Makes it unlawful to produce any listed substance which yields an ozone depletion potential greater than the 1986 depletion level. Requires the Administrator to promulgate regulations requiring a 95 percent reduction in ozone depletion potential of such substances by 1997. Provides that if the Administrator fails to promulgate such regulations, it shall be unlawful, effective July 1, 1997, to produce such substances in annual quantities yielding ozone depletion potentials greater than five percent of the 1986 depletion level.
Directs the Administrator to promulgate regulations requiring producers of such substances to reduce production more rapidly if the accelerated schedule is necessary to protect human health and the environment or if the reduction is attainable, based on the availability of substitutes for such substances.
Prohibits the importation of such substances or products using such substances, unless the exporting nation has an equivalent or more stringent production reduction program. Requires the Administrator to certify national programs, such certification to be reviewed annually. Equates imports with production when determining a manufacturer's required reductions.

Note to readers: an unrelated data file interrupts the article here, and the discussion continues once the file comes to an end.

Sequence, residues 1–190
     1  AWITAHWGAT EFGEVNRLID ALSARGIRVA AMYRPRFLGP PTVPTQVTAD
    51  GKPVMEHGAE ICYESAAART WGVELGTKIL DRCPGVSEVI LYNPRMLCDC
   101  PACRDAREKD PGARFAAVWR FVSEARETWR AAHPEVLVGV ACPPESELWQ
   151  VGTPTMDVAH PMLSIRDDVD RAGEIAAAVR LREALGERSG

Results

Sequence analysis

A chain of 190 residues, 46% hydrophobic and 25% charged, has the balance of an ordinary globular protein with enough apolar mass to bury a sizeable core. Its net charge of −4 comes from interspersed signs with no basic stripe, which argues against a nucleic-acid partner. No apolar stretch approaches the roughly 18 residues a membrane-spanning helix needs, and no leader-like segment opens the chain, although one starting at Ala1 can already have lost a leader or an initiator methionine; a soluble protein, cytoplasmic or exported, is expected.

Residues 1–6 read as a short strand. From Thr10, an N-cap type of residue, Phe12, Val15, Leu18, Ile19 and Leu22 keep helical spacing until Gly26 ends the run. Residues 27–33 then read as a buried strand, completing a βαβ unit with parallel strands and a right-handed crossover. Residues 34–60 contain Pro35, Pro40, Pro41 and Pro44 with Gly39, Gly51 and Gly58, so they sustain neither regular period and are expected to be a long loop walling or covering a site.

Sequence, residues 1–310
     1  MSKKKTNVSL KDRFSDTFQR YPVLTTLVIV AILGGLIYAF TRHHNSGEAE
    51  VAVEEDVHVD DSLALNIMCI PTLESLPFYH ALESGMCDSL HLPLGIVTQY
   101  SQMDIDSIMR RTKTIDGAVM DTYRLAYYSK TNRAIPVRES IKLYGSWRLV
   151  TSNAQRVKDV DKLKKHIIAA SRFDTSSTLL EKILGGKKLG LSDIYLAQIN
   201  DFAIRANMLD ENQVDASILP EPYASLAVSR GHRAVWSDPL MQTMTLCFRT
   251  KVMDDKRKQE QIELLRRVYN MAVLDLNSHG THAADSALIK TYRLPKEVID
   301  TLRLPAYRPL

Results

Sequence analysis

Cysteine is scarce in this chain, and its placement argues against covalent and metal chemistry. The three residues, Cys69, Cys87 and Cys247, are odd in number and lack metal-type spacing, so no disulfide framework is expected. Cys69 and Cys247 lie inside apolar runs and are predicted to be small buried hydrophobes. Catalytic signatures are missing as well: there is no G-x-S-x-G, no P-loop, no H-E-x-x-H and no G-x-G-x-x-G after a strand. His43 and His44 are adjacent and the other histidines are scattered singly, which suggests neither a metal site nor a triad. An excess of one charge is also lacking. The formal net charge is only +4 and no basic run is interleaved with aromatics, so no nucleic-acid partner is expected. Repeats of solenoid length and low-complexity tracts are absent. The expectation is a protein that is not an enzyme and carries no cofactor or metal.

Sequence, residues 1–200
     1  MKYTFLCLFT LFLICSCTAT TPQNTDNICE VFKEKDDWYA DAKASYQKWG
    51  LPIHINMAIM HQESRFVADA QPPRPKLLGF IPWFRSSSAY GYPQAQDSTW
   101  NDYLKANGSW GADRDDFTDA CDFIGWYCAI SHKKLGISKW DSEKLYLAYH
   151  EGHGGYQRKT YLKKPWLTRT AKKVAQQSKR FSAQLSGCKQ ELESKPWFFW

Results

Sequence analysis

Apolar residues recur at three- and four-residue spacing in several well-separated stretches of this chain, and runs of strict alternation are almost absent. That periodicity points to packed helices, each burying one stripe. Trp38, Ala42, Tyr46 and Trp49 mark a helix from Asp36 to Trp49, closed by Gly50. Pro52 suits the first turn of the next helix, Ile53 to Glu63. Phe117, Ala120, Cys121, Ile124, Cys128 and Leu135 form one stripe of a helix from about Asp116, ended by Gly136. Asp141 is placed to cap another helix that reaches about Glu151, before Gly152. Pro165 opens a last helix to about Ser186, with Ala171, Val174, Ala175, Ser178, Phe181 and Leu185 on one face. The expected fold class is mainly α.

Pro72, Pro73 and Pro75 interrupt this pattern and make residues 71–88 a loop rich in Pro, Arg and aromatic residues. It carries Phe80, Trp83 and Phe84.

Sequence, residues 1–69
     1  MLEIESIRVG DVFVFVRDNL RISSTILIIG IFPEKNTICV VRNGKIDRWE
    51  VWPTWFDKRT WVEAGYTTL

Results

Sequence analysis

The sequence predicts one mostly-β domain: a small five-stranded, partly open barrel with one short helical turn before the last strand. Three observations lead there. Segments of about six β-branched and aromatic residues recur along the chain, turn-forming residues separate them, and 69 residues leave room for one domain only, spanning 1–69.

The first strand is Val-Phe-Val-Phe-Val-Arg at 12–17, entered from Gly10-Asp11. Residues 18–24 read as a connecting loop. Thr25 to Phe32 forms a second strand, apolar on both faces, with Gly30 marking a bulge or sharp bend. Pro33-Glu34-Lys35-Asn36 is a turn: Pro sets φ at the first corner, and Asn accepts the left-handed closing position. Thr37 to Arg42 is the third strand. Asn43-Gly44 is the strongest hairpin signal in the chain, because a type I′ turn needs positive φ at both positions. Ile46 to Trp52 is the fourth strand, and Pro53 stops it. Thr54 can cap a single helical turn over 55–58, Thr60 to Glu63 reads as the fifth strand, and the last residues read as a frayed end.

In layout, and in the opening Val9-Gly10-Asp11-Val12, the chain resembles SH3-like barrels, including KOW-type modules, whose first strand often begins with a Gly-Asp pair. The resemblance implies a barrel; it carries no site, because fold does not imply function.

Directs the President to prohibit: (1) the export of technologies to produce class I substances; and (2) investment in facilities for producing such substances in nations which are not certified.
Requires the Administrator to: (1) review sources containing information on potential chemicals or product substitutes and alternative manufacturing processes as replacements for class I substances; (2) report such findings to the Congress; (3) require producers to provide the EPA with their unpublished health and safety studies on chemical substitutes for such substances and notify the EPA before existing chemicals are put to significant new uses as chlorofluorocarbon and halon substitutes; and (4) annually update such review and, two years after this Act's enactment, include class II substances in such review.